SEO

6 SEO Myths about Alt Tags

Alt tags are a frequent to-do item for search engine optimization. But there’s much confusion surrounding the importance of optimizing alt tags. So it’s time for some myth-busting around this oft-misunderstood topic.

6 Alt Tag Myths

Myth 1: They’re called “alt tags.” To be exact, the name is “alternative attributes of an image tag.” The alt attribute is a modifier that gives descriptive information in an individual tag about the image within a page of HTML code. This information is useful to assist visually impaired consumers and search engine crawlers as they navigate the site.

For example, consider the “Holiday Toy List” image and alt attributes, below, from Walmart.com’s gift landing page.

Walmart’s "Gifts by price" image has both a descriptive and promotional alt attribute.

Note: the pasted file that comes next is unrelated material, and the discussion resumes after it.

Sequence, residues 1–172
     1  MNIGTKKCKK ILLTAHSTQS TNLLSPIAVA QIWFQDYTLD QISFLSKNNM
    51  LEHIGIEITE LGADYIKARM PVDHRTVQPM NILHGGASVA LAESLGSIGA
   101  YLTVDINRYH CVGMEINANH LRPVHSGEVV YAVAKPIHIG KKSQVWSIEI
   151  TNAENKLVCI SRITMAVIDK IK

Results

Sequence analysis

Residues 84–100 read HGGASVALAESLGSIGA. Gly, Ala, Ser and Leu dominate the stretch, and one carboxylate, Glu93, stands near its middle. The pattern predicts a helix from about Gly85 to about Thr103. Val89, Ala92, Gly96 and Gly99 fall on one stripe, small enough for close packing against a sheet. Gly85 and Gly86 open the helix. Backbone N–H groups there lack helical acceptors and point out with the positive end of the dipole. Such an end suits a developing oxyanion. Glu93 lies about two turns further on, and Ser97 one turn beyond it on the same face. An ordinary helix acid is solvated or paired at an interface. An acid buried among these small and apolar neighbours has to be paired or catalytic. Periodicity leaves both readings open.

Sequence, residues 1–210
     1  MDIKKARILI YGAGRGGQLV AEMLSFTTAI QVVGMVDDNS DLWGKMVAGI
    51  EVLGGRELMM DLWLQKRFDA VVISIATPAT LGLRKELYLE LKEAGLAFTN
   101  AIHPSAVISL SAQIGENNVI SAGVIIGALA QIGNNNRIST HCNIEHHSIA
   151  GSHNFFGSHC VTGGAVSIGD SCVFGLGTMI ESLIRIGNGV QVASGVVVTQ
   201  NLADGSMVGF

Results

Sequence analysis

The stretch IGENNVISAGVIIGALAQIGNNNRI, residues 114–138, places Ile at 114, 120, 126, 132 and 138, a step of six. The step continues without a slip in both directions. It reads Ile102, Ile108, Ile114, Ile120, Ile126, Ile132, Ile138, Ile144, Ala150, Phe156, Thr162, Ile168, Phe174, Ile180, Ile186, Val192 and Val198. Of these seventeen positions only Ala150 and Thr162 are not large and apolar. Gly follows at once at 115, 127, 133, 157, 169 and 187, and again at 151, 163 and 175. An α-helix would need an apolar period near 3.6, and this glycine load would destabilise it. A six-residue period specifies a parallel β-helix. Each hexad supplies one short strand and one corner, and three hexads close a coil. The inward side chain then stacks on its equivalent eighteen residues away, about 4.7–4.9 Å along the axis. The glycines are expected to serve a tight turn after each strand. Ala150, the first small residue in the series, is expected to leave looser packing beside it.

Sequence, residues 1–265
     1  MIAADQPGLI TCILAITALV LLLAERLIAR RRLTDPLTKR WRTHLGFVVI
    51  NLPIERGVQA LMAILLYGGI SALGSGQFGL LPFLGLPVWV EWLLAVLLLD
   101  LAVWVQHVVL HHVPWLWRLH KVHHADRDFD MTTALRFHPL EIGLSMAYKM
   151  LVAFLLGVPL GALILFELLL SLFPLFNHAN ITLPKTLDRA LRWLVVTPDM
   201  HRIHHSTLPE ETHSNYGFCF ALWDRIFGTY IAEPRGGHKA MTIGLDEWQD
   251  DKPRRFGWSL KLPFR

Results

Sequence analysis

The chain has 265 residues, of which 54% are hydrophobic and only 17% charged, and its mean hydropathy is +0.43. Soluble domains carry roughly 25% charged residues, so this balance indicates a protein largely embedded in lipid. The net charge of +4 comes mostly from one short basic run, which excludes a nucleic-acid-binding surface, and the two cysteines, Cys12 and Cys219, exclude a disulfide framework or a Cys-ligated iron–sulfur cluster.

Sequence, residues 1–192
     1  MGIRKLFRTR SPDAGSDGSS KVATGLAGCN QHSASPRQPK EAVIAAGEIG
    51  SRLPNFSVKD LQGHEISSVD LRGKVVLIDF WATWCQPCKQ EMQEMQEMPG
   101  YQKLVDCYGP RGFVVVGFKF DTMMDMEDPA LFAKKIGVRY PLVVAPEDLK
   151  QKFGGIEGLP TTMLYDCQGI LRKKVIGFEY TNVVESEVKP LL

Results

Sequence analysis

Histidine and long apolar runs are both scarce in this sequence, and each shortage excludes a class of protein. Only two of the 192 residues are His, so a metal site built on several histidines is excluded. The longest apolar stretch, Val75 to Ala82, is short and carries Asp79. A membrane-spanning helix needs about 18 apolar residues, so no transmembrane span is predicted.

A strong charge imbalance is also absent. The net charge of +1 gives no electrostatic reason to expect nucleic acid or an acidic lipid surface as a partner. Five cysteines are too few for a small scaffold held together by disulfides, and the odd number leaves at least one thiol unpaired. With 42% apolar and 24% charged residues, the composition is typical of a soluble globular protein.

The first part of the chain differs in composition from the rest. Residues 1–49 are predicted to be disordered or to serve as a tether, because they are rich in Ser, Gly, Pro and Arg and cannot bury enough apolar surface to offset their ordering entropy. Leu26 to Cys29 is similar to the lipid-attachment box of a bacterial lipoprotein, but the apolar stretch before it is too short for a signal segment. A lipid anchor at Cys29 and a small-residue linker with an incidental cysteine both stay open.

Walmart’s “Gifts by price” image.

The image has both descriptive and promotional alt attributes.

The image has both descriptive and promotional alt attributes.

The attributes contain the following elements.

  • img tag. Displays images on a page.
  • aria-hidden. Hides the image from screen readers and other assistive technology.
  • alt attribute. “Gifts by price. Shop tiny delights to big surprises.”
  • itemprop. A structured data element identifying this as an image.
  • src attribute. Specifies which image file to display.
  • style. Specifies the minimum width for the image.

The alt attribute is just one element of an image tag. Yes, “alt tag” is the commonly used name, but it’s not actually a tag. It’s like pointing to a scooter and calling it a car. People will understand that you recognize the scooter as a vehicle, but they may also think you’ve recently learned English.